Now God did a very interesting tactical move here. This cloud, by which they were sheltered and guided in the day time, God now took and moved it behind them, and settled it down over the Egyptians, so that the Egyptians were lost in a fog; a thick fog. They couldn’t see each other. They couldn’t see the children of Israel. They couldn’t see what was happening outside of that fog bank. Not far distant from them, they could not see the children of Israel passing through the Red Sea on dry ground. But the light, the pillar of fire, lighted the way on the other side so that they could see; and all night long, they made their trek through the sea on dry ground, up on the other side. But God blinded the Egyptians to what was going on, so that they could not immediately pursue them.
And so, God became the rear guard. And it is interesting that the Scripture speaks of God not only going before us, but also bringing up the rear. And a lot of times it’s just as important that you protect the rear flank as you do the front. Someone to watch behind you. And it’s great when you’re surrounded by the LORD. He goes before you, He comes behind you, He surrounds your life, He leads you in His path.
And so it came, the cloud, between the camp of the Egyptians and the camp of Israel; and thus it was a cloud of darkness to the one, and it gave light by night to the other; so that the one did not come near the other all that night. Then Moses stretched out his hand over the sea; and the LORD caused the sea to go back by a strong east wind all that night, and He made the sea into dry land, and the waters were divided.
So as He stretched out His hand, God brought a strong east wind; blew all night, opened up a path in the sea. They passed over on dry land.
So the children of Israel went into the midst of the sea on dry ground; and the waters were a wall to them on their right hand, and on their left.
Now, there are those who seek to sort of take away the miraculous from this story, and they try to give natural, plausible explanations. They talk about a sea of reeds, only a few feet deep; surging tides and tides pushed by winds often times pushing back areas where you can actually shallow-water-cross this particular area of the sea of reeds. That doesn’t quite explain a wall of water on either side of them.
There are always those, though, that seem to think that they need to help God out. Like the little kid who came home from Sunday school., and his mom said, “Well, what did you learn in Sunday school today?” And he said, “Well, we learned about Moses.” “Well, what did you learn about Moses?” “Well, he was escaping out of Egypt with the people of Israel, and they were in a trap by the Red Sea, and so the Egyptian armies were pulling up behind them with all their tanks, and so Moses got on his walkie-talkie and called for support, and the navy landed a bunch of LTS’s there and ferried them all across the sea before the Egyptians could get to them.” And the mother said, “Are you sure that that’s the way you heard the story?” He said, “Well, not really, Mom, but if I told you the way my teacher told me, you’d never believe me.”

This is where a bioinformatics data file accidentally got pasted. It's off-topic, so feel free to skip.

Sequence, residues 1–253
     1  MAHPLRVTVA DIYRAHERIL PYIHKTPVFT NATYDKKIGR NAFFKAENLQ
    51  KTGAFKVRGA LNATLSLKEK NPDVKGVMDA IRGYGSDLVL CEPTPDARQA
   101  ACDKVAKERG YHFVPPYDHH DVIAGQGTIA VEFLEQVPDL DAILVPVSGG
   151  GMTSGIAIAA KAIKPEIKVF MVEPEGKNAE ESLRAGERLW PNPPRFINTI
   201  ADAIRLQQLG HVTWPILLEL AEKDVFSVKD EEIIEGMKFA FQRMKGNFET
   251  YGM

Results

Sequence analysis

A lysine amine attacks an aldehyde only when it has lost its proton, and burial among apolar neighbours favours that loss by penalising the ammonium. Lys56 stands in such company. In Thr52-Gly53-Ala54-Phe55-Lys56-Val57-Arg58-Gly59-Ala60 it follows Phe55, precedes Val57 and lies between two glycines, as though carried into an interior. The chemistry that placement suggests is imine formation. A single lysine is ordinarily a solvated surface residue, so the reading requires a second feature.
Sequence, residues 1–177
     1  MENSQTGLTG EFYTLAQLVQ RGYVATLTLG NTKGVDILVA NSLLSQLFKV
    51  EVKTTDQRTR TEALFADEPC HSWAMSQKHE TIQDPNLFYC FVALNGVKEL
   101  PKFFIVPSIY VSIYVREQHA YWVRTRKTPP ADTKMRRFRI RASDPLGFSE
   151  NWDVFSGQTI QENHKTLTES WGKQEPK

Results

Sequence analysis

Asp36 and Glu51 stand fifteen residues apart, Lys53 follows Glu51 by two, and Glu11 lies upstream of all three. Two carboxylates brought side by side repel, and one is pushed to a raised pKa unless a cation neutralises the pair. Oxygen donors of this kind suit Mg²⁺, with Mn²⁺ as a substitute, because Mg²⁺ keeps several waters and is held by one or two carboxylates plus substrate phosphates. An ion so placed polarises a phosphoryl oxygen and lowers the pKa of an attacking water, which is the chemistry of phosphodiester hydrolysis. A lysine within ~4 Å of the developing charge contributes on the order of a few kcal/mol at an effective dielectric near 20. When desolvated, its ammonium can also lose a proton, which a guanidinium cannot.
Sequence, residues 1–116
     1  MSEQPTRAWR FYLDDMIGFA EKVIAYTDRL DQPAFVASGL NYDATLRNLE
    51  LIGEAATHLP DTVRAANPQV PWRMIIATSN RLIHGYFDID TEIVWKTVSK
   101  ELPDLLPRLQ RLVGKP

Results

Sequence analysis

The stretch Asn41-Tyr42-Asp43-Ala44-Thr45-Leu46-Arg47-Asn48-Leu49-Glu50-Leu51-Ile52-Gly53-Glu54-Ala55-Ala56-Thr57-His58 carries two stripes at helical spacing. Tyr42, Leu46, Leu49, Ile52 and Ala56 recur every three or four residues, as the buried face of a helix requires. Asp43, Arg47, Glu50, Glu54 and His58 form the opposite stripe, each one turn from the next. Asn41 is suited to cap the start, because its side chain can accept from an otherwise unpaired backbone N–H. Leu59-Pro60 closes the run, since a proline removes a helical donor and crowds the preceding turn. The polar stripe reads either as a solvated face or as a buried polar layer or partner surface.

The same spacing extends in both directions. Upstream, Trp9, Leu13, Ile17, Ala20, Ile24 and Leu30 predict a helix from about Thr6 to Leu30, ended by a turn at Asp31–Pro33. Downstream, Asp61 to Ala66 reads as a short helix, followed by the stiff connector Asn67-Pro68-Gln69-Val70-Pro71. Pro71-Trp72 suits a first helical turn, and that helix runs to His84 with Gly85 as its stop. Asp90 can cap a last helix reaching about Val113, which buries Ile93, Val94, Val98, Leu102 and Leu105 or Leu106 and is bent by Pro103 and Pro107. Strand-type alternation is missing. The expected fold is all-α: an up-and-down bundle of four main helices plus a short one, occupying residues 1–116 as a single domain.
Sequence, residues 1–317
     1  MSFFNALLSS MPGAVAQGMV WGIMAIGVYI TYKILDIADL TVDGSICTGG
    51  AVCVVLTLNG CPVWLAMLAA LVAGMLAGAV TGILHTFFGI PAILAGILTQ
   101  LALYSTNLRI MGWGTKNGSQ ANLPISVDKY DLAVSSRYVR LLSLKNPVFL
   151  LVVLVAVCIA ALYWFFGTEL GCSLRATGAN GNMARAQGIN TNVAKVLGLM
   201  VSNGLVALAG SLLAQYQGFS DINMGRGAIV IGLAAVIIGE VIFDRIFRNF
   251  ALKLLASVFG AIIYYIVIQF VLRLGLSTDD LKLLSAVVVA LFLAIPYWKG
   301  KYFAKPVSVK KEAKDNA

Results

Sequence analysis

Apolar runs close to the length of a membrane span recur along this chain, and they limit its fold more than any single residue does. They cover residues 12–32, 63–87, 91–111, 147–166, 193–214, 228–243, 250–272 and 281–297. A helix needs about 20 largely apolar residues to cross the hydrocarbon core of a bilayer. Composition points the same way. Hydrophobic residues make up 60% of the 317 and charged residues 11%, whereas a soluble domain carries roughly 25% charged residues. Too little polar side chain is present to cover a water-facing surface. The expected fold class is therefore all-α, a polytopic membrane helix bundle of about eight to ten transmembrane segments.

Again, anytime you have trouble with a story of God’s miraculous powers, it is only reflecting upon your own limited concept of God. You need to go back to the first verse of the Bible. “In the beginning God created the heavens and the earth.” Now, if that’s the kind of God you’re serving, and all, then you shouldn’t have any problem with any other story in the Bible. Surely the God who was able to create the heavens and the earth could at His own discretion, or desire, or whatever, part the Red Sea, or part the Atlantic Ocean. No problem for God. It’s just that our concepts of God are too limited.
The children of Israel went in the midst of the sea on dry ground; the waters were a wall. And the Egyptians pursued and went after them into the midst of the sea, all of Pharaoh’s horses, his chariots, and his horsemen. Now it came to pass, in the morning watch, that the LORD looked down upon the army of the Egyptians through the pillar of fire and cloud, and He troubled the army of the Egyptians, and He took off their chariot wheels, I imagine the LORD just sent a bunch of angels down there to start popping the wheels off of their chariots. So that they drove them with difficulty, they became sleds. And the Egyptians said, Let us flee from the face of Israel; for JEHOVAH fights for them against the Egyptians. And then the LORD said to Moses, Stretch out your hand over the sea, that the waters may come back upon the Egyptians, on their chariots, and on their horsemen. And Moses stretched out his hand over the sea, and when the morning appeared, the sea returned to it’s full depth, while the Egyptians were fleeing into it; so the LORD overthrew the Egyptians in the midst of the sea. And the waters returned, and covered the chariots, and the horsemen, and all the army of Pharaoh that came into the sea after them. Not so much as one of them remained.